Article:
Posts Tagged ‘fresh water’

Brain-eating amoeba in Louisiana’s water

September 26, 2014
Parish of St. John the Baptist, Louisiana

Parish of St. John the Baptist

Naegleria fowleri  (also known as the “brain-eating amoeba”) is a free-living, thermophilic excavate form of protist typically found in warm bodies of fresh water, such as ponds, lakes, rivers, and hot springs. It is also found in soil, near warm-water discharges of industrial plants, and in poorly chlorinated, or unchlorinated swimming pools….

N. fowleri can invade and attack the human nervous system and brain, causing primary amoebic meningoencephalitis (PAM). Although this occurs rarely, such an infection nearly always results in the death of the victim.  The case fatality rate is greater than 95%. [Source: http://en.wikipedia.org/wiki/Naegleria_fowleri]

This parish is like so many other towns we all live in…  Except that in southern Louisiana in September the weather is wicked hot and humid – and there is lots of industry responsible for creating fence-line communities.

New Orleans, Lower Mississippi River Basin, "Petro-Chemical Alley"

New Orleans, Lower Mississippi River Basin, “Petro-Chemical Alley”

(“Fence-line” refers to communities with refineries, gas compression stations and other kinds of industrial operations. These plants put up high wire mesh fences to keep people out of their premises, but those fences don’t stop toxins from entering the air and water of those communities. The term is used by agencies trying to address the resulting health issues occurring due to such toxins.)

New Orleans, Lower Mississippi River Basin, "Petro-Chemical Alley"

New Orleans, Lower Mississippi River Basin, “Petro-Chemical Alley”

The parish government has implemented “chlorine burns” to disinfect the Lions system, which serves over 12,000 people. The School Board has declared an emergency, taking school water fountains offline and putting water coolers in place. The deadly amoeba infiltrates via water vapor in the nose, and spreads to the brain causing severe damage. Residents are getting home water tests and taking precautions when swimming or bathing. Town meetings have drawn large crowds to discuss what can be done in their communities.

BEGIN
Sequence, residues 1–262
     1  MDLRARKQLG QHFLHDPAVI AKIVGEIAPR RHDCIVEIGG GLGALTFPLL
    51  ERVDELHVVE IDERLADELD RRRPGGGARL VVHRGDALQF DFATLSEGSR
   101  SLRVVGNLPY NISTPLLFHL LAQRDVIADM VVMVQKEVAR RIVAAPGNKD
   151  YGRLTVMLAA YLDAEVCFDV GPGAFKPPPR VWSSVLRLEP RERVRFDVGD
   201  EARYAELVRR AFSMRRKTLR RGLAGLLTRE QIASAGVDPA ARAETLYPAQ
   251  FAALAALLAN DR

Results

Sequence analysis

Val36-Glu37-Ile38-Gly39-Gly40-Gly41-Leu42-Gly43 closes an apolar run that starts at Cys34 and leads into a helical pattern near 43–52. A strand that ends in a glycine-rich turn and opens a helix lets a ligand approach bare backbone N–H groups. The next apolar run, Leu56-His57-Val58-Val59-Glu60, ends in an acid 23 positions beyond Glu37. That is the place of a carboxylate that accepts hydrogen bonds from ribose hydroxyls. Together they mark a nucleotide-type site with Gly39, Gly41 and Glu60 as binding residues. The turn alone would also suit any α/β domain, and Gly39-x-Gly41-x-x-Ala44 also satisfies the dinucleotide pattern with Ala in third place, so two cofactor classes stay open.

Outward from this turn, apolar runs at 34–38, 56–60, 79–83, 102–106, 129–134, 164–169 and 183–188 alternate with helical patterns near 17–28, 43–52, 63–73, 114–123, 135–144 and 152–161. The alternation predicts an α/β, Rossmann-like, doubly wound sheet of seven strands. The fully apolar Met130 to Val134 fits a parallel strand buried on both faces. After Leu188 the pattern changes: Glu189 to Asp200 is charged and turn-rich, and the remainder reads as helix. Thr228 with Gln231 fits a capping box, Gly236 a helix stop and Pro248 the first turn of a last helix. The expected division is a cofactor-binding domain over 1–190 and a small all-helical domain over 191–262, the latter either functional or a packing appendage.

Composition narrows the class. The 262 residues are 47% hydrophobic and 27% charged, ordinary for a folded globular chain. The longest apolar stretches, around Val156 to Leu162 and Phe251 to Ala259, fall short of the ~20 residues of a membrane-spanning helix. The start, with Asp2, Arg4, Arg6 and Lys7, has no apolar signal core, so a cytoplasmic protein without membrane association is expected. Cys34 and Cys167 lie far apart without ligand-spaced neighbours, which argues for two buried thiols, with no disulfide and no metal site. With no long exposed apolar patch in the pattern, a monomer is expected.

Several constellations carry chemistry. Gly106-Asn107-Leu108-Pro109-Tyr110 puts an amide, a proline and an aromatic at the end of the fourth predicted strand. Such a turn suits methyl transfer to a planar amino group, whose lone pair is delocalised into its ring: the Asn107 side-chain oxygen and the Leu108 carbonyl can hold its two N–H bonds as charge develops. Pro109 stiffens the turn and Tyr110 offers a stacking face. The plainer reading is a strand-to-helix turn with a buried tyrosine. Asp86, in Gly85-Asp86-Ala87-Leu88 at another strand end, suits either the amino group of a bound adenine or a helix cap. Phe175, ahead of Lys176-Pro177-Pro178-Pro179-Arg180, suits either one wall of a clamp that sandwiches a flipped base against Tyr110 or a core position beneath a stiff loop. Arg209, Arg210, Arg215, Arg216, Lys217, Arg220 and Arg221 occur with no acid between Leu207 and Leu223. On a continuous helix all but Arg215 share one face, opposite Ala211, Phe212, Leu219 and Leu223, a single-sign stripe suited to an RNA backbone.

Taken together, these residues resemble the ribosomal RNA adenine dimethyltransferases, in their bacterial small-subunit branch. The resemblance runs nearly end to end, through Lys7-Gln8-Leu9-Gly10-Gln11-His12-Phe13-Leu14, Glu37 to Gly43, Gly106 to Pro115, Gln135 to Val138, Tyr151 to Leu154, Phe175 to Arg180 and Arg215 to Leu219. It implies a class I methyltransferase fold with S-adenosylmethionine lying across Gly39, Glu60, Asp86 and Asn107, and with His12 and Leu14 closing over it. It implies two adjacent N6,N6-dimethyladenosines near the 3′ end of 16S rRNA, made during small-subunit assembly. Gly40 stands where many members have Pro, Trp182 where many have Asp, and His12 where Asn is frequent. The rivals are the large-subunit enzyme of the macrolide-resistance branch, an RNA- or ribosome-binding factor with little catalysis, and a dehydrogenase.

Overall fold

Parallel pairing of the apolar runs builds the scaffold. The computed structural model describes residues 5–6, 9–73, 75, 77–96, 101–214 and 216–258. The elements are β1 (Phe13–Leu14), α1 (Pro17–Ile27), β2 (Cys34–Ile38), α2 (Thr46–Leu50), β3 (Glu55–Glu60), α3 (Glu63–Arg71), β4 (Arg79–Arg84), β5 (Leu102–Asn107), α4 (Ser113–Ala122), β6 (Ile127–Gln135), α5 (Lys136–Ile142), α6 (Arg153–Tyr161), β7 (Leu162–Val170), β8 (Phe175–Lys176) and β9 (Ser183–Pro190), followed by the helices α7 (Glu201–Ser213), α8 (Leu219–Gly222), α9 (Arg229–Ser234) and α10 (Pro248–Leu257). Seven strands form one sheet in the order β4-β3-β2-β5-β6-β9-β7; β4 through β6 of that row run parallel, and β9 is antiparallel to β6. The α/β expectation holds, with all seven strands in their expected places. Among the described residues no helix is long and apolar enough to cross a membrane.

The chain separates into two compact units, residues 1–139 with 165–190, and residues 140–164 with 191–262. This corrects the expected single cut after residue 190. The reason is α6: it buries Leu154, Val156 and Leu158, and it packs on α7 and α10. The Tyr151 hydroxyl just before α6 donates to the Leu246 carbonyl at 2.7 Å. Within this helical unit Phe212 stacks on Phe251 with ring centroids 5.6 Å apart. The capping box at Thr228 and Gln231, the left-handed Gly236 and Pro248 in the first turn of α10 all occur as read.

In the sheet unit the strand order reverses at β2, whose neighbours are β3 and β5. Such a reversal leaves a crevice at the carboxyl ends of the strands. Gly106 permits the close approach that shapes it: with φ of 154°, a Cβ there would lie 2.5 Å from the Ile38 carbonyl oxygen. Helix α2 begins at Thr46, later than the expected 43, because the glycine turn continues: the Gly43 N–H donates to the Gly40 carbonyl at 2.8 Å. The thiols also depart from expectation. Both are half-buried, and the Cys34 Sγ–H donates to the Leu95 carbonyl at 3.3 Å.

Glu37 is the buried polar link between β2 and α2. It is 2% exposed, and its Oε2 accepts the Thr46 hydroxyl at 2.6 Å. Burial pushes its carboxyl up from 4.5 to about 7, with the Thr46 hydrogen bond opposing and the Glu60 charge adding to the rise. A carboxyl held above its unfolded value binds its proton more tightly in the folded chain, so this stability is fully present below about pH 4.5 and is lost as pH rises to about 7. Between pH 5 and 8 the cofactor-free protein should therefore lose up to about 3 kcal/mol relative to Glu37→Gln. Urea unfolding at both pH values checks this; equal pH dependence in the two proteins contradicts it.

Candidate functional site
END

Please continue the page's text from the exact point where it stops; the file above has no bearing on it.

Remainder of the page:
Parish of St John the Baptist school sign "Better Schools, Better Futures"

St John the Baptist Parish school sign “Better Schools. Better Futures.”

Related news : http://abcnews.go.com/Health/brain-eating-amoeba-found-louisiana-water-supply/story?id=25160247

http://www.nola.com/politics/index.ssf/2014/09/brain-eating_amoeba_in_st_john_1.html

– Posted by Jasmine Graf, NWNL Associate Director

Grass is #1 US crop and is very water-dependent

July 14, 2014

Using satellite imagery, NASA’s Christina Milesi has been studying the impact of lawns on America’s fresh water resources. Research indicates there’s at least 3 times more surface area of lawns in the U.S. than irrigated corn, making it the largest irrigated crop.

How do lawns hurt the environment?

 fertilizers run off into drains, contaminating drinking water

 fertilizers pollute rivers and streams and damage ecosystems

 watering lawns depletes our freshwater reserves

chemical herbicides / pesticides are health risks to humans and wildlife

lawns infringe on viable habitat for pollinators like bees

 an hour of gas-powered lawn mowing produces as much pollution as four hours of driving a car

Consider Xeriscaping!

Screen Shot 2014-07-14 at 4.36.09 PM

USA California, Santa Barbara, Firescape Garden by firestation on Stanwood

View more xeriscape gardens here.

 

For further reading:

Lawn Pesticide Fact Sheet

Assessing the Extent of Urban Irrigated Areas in the United States.

We’re all connected downstream

April 4, 2014
USA:  New Jersey, Mountainville, Guinea Hollow Stream, early spring

USA: New Jersey, Mountainville, Guinea Hollow Stream, early spring

WHAT YOU CAN DO to protect our water resources:
Support the EPA and US Army Corps of Engineers –

It’s critical we all have clean fresh water! The EPA and USACE are proposing a clarification of their rules that protect our water quality by addressing upstream impacts on downstream communities. Ending loopholes in the 1970’s Clean Water Act will stop the free dumping of toxins into small streams and wetlands. This will affect some farmers’ use of pesticides and herbicides; but it will encourage restoration of riverine corridors and wetlands that filter such toxins. In the long-run, a tighter Clean Water Act will benefit us all.

NWNL asks everyone to jump in here!!

— Read the proposal.
— Listen to EPA Administrator Gina McCarthy on this ruling.
Contact the EPA during its 90-day Comment Period.

 

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